Grab the Certified Ethical Hacker Bootcamp for just $45!

Not all hacking is bad hacking. The word itself is associated with negativity usually, but it can be used for just as much good as it can bad. Have you ever thought how cool it would be to research vulnerabilities and try to discover them on your favorite websites while working for them? It would be pretty sweet, right? But, how do you even get started?

Become an ethical hacker for only $45! Learn More

Meet the Certified Ethical Hacker Bootcam, a perfect way to get going. The bootcamp offers access to more than 40 hours of content that you can access at any time of the day, along with nearly 150 lectures on different topics. From learning perimeter defenses to gaining practical experience with DDoS attacks and more, there is a wide variety of great information here that will help you advance your current career, or help you make a move to a new one.

The bootcamp includes:

  • Access 144 lectures & 45 hours of content 24/7
  • Study by taking 600+ exam questions
  • Gain practical experience w/ intrusion detection, policy creation, DDoS attacks, & more
  • Learn about perimeter defenses
  • Scan & attack your own networks
  • Understand Trojans, backdoors, viruses, worms, & more

This sure sounds like it would cost a lot, right? Well, normally this bootcamp is priced at over $5,000, but right now you can pay just a fraction of that. You won't set yourself into a financial debt to try and learn something new here.

Become an ethical hacker for only $45! Learn More

Priced at just $45 for a limited time you'll get everything mentioned above and even more. Don't miss out on this deal or you may regret it later.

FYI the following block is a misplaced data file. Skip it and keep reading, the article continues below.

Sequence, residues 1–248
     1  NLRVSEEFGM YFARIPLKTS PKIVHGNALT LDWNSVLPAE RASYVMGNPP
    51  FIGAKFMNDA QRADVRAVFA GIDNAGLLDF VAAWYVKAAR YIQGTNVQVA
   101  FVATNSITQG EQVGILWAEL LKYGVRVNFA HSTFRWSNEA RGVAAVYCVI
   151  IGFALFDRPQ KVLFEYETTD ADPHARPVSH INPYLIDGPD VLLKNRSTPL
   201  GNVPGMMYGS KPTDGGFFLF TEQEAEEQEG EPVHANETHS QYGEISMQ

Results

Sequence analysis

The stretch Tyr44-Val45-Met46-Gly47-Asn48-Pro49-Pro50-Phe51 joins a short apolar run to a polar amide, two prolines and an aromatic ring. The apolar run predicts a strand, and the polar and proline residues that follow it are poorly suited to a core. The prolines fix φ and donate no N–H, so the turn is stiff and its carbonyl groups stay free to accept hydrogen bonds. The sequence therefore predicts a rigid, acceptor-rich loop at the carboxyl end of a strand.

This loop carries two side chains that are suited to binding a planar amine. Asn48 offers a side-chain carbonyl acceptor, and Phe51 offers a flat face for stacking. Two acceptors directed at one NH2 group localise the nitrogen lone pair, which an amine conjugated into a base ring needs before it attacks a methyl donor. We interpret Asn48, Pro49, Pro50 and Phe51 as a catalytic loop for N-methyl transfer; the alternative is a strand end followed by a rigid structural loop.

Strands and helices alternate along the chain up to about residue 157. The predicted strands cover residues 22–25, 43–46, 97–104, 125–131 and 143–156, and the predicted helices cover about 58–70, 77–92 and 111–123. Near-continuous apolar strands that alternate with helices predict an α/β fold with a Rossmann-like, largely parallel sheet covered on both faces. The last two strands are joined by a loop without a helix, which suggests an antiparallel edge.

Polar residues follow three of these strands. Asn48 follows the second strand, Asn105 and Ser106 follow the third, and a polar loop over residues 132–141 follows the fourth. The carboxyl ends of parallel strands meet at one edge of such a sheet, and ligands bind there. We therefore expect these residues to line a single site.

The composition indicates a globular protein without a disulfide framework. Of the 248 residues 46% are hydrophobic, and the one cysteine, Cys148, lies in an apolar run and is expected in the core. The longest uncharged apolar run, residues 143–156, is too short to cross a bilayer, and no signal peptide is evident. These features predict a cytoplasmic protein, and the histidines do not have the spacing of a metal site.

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3 weeks ago

Twitter no longer counts names towards 140-character limit in replies

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Twitter is making conversations better — and potentially more confusing.

We'll keep this brief: Twitter is a UX disaster. It's been that way for a long time, but the company, which is now public and not growing nearly fast enough to appease its shareholders, is aware of the problem.

To that end, it's done a number of things in the past year to improve the way conversations flow in the timeline. First it allowed users to retweet or quote tweet themselves (meh); it then stopped counting photos towards the 140-character limit (yay!). Now, the company no longer counts usernames towards that same limit — but only in replies.

When replying to a tweet, or to an existing thread, you now individually select the people included in the response as opposed to seeing those usernames piling up the tweet itself. That allows conversations to include considerably more people, but it also obfuscates the conversation itself, focusing on just the content. That's potentially a good or bad thing, depending on the way people prefer to use Twitter.

The company has been experimenting with this new format for months now, performing a number of A/B tests with users. Now that it's public and available to everyone on Android, iOS and the mobile web, it will be interesting to see the wider response.

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3 weeks ago

Best Chrome extensions for staying in touch

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Best Chrome extensions for staying in touch

What are the best Chrome extensions for staying in touch?

**Updated March 30, 2017: We've updated our list with more great extensions for keeping in touch.

If you spend a lot of time on the internet and you love using Chrome, you probably know about extensions. With the amount of messaging and email utilities out there, some of the best can be lost in the pile. Maybe you want to schedule emails for future release, or maybe you want to quickly share articles or pictures with friends and followers. Maybe you need some help with your grammar while you write that email, or need some help translating sentences for friends you met while traveling. No matter your reason, here are the best Chrome extensions for staying in touch.

Facebook Messenger

Facebook Messenger